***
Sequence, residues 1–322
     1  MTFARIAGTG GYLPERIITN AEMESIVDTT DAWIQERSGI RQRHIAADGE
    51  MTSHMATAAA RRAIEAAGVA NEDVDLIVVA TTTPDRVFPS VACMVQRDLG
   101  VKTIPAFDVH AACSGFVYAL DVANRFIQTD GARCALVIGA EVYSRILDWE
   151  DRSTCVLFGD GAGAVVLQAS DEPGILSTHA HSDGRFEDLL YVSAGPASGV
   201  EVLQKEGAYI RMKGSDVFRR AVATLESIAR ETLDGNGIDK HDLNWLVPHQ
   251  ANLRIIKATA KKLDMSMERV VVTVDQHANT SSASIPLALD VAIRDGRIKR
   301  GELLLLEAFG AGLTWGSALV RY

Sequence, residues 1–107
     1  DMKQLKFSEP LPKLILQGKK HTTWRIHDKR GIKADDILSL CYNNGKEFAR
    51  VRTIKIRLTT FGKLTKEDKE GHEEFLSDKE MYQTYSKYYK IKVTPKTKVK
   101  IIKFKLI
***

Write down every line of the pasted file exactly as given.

Sequence, residues 1–322
     1  MTFARIAGTG GYLPERIITN AEMESIVDTT DAWIQERSGI RQRHIAADGE
    51  MTSHMATAAA RRAIEAAGVA NEDVDLIVVA TTTPDRVFPS VACMVQRDLG
   101  VKTIPAFDVH AACSGFVYAL DVANRFIQTD GARCALVIGA EVYSRILDWE
   151  DRSTCVLFGD GAGAVVLQAS DEPGILSTHA HSDGRFEDLL YVSAGPASGV
   201  EVLQKEGAYI RMKGSDVFRR AVATLESIAR ETLDGNGIDK HDLNWLVPHQ
   251  ANLRIIKATA KKLDMSMERV VVTVDQHANT SSASIPLALD VAIRDGRIKR
   301  GELLLLEAFG AGLTWGSALV RY

Sequence, residues 1–107
     1  DMKQLKFSEP LPKLILQGKK HTTWRIHDKR GIKADDILSL CYNNGKEFAR
    51  VRTIKIRLTT FGKLTKEDKE GHEEFLSDKE MYQTYSKYYK IKVTPKTKVK
   101  IIKFKLI